Staph infections resistant to antibiotics, previously only associated with hospitalization or prior contact with the healthcare system, are now widespread in the community and coming home.
A study from Emory University School of Medicine and Grady Memorial Hospital, published in the Annals of Internal Medicine, reports on a dramatic rise in antibiotic resistant community-acquired methicillin-resistant Staphylococcus aureus ( MRSA ), making it the primary cause of skin and soft tissue infections.
An editorial accompanying the article notes, " the number of populations at risk for community-acquired MRSA infections is steadily expanding ", making it a " remarkable epidemic."
The bacterium Staphyloccus aureus ( staph ) normally resides on skin and in noses, and typically infects tissues through cuts or rashes. Those infections can remain minor, or lead to illnesses ranging from boils or abscesses to necrotizing skin infections, pneumonia and sometimes blood stream infections.
The Centers for Disease Control and Prevention ( CDC ) reports that staph is one of the leading causes of skin infections in the United States.
Previously, researchers have categorized staph into two main types: antibiotic resistant ( MRSA ), and methicillin-susceptible Staphyloccus aureus ( MSSA ), which can be treated by antibiotics in the Penicillin or related groups ( i.e, beta-lactam antibiotics ). Previously, MRSA infections were usually restricted to hospital or healthcare-associated infections. This is clearly no longer the case.
Henry M. Blumberg, senior author of the study, and at Emory University School of Medicine, says, " We have seen an explosion of community-acquired MRSA infections among the urban patient populations served by the Grady Health System. Community-acquired MRSA infections are no longer restricted to certain risk groups but appear to be wide spread in the Atlanta community. "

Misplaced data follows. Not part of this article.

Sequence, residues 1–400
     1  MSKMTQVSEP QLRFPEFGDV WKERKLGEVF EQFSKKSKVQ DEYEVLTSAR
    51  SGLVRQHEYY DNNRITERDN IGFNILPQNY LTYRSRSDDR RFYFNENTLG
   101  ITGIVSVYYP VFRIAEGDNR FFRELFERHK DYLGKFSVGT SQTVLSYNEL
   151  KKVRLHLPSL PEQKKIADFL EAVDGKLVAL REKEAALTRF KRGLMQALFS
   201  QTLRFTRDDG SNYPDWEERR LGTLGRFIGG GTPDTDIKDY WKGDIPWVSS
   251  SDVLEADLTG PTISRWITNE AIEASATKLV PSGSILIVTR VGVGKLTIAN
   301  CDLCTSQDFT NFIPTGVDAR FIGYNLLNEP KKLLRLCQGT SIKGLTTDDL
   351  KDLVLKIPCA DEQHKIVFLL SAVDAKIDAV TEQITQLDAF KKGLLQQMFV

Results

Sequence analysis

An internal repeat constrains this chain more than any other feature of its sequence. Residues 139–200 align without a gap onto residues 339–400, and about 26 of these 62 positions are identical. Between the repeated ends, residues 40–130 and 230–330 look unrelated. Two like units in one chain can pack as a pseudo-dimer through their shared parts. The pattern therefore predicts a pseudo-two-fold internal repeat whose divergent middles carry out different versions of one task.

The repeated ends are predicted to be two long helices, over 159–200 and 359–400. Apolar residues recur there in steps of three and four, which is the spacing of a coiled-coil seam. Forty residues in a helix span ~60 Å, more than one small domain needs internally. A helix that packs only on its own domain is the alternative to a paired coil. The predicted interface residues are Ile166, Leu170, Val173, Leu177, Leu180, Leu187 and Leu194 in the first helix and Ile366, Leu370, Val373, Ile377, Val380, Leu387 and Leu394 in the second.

The study demonstrated that 72 percent of community-onset Staph skin and soft tissue infections among patients receiving care at the Grady Health System ( Grady Memorial Hospital and its affiliated outpatient clinics in Atlanta ) are now due to MRSA. The vast majority of these MRSA skin and soft tissue infections are due to a single clone or strain of MRSA called USA300. As noted in the accompanying editorial, MRSA appears to have emerged as a cause of community-acquired skin infections in other U.S. communities as well.
As noted by Blumberg and other Emory and Grady authors, " Empirical use of antibiotics active against community-acquired MRSA is warranted, especially for patients presenting with serious skin and soft-tissue infections." This represents a major change in prescribing practices for community-onset skin and soft tissue infections.
The recognition of community-acquired MRSA as a primary cause of skin and soft tissue infections offers implications for prevention and treatment.
In the past, Blumberg says, " skin and soft tissue infections occurring in the community were generally MSSA, and that is how antibiotic therapy was targeted." Currently, many doctors may assume that community-acquired staph infections will not be resistant to antibiotics similar to Methicillin and patients may be prescribed ineffective antibiotics.
Source: Emory University Health Sciences Center, 2006